Here at Newberry College, we sponsor series of devotionals during the seasons of Advent and Lent. The installments are written by faculty, staff, alumni, students, and/or friends of the college. Typically, the devotional takes the form of an assigned passage of Scripture, followed by a brief reflection and a prayer. I wrote the devotionals for this past Friday, yesterday, and today.
Gen. 3: 14-24 (KJV)
14 And the Lord God said unto the serpent, Because thou hast done this, thou art cursed above all cattle, and above every beast of the field; upon thy belly shalt thou go, and dust shalt thou eat all the days of thy life:
15 And I will put enmity between thee and the woman, and between thy seed and her seed; it shall bruise thy head, and thou shalt bruise his heel.
16 Unto the woman he said, I will greatly multiply thy sorrow and thy conception; in sorrow thou shalt bring forth children; and thy desire shall be to thy husband, and he shall rule over thee.
17 And unto Adam he said, Because thou hast hearkened unto the voice of thy wife, and hast eaten of the tree, of which I commanded thee, saying, Thou shalt not eat of it: cursed is the ground for thy sake; in sorrow shalt thou eat of it all the days of thy life;
18 Thorns also and thistles shall it bring forth to thee; and thou shalt eat the herb of the field;
19 In the sweat of thy face shalt thou eat bread, till thou return unto the ground; for out of it wast thou taken: for dust thou art, and unto dust shalt thou return.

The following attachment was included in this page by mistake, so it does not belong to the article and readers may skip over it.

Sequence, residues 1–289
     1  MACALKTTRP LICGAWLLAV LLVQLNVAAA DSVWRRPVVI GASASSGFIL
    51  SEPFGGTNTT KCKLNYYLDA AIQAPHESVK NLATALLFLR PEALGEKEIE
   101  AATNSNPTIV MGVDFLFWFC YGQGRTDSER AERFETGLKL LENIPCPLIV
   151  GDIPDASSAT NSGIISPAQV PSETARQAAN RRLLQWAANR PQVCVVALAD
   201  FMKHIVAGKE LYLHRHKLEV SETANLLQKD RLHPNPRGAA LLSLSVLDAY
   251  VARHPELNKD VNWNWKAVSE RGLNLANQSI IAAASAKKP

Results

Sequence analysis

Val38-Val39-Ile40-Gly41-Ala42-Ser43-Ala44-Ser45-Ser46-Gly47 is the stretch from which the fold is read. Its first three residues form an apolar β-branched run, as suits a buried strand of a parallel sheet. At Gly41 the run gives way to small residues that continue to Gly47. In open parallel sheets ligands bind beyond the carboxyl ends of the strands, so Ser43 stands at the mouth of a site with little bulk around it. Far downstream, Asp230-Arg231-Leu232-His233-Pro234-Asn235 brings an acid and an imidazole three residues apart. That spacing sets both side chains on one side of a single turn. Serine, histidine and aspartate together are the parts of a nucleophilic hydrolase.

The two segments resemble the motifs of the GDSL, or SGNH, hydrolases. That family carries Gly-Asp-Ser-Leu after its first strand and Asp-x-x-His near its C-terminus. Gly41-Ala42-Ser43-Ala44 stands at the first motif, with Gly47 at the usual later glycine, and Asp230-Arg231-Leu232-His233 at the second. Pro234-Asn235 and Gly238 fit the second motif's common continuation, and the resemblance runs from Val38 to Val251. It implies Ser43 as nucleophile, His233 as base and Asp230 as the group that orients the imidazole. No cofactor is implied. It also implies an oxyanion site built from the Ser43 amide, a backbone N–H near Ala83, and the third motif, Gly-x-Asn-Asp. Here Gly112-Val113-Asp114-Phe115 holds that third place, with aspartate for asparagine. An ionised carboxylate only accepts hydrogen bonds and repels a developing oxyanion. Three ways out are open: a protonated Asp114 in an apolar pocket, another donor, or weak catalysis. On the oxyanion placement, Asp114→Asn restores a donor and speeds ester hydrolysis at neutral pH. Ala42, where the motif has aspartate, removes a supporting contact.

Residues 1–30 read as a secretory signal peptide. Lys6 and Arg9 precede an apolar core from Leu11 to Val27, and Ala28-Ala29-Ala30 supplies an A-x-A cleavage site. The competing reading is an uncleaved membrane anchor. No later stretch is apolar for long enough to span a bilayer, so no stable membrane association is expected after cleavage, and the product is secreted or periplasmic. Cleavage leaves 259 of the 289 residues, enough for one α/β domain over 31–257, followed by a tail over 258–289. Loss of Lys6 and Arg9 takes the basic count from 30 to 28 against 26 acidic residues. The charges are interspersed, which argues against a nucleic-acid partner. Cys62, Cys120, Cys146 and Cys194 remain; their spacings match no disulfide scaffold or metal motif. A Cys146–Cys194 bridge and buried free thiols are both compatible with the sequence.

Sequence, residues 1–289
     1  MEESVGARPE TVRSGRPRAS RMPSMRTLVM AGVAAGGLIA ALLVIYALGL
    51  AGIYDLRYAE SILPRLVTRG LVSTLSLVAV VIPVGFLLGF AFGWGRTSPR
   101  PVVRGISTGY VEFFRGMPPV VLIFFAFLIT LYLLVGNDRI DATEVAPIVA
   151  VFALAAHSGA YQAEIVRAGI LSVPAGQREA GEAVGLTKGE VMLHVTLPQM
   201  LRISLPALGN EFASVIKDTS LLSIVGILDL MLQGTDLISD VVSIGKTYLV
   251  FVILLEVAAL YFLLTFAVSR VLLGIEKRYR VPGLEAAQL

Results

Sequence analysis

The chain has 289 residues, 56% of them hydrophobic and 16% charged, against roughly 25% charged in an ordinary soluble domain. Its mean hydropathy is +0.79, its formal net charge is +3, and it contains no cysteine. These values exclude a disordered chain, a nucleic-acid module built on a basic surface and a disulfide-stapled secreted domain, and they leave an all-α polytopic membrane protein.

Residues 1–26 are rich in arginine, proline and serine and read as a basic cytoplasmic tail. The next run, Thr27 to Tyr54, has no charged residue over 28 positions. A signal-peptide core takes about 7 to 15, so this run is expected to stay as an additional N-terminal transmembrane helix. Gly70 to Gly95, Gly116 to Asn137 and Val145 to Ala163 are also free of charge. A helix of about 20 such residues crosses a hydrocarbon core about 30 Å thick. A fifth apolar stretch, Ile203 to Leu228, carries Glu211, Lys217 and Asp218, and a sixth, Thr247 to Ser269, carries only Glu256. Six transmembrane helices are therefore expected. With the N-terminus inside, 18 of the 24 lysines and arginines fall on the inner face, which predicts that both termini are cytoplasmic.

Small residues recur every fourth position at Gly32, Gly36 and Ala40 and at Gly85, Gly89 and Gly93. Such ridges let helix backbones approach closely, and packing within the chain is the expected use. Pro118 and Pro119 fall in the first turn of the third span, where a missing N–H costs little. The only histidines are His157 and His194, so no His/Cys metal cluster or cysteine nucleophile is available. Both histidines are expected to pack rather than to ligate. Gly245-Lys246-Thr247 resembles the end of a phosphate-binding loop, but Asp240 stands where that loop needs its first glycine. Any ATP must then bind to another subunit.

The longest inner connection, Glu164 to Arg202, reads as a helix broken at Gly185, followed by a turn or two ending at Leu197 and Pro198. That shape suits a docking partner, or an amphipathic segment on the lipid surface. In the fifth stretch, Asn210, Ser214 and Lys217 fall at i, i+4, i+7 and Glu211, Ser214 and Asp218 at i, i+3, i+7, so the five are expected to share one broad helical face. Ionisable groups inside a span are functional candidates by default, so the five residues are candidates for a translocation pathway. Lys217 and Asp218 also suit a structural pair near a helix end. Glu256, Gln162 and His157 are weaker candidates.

20 And Adam called his wife’s name Eve; because she was the mother of all living.
21 Unto Adam also and to his wife did the Lord God make coats of skins, and clothed them.
22 And the Lord God said, Behold, the man is become as one of us, to know good and evil: and now, lest he put forth his hand, and take also of the tree of life, and eat, and live for ever:
23 Therefore the Lord God sent him forth from the garden of Eden, to till the ground from whence he was taken.
24 So he drove out the man; and he placed at the east of the garden of Eden Cherubims, and a flaming sword which turned every way, to keep the way of the tree of life.
A few days ago, as we heard the story of the Fall of Man, we realized that if the story ended there, it would be tragedy. And on first reading of the chapter’s end, it does seem tragic. Adam and Eve will labor, and suffer, and die. They are sent out of the Garden to begin that long process.
But our faith is not a tragic one. Tucked into the sentences God pronounces on the participants in the Fall, we are told that while evil may cause us pain, some future generation will overcome that evil once and for all, trampling the Serpent and its ilk into the dust forever. This, of course, is the miracle of Christ’s Incarnation, when God becomes Man and takes on the deadly punishment for sin despite being sinless Himself. The scales will be balanced, and the world made right.
Yes, Lent is a time for reflection on our own wrongs and Christ’s suffering to redress those wrongs. But it should also be a time in which we reflect on the hope God gives us – that the darkness of Lent will be replaced by the empty tomb and the brightness of an Easter morning.
Our Father, we know we have earned the sorrows we face. But thank You for reminding us that they are not everything. Thank You for telling us that You will triumph over all our sorrows, even to the pain of death. In the Name of Your Son, Amen.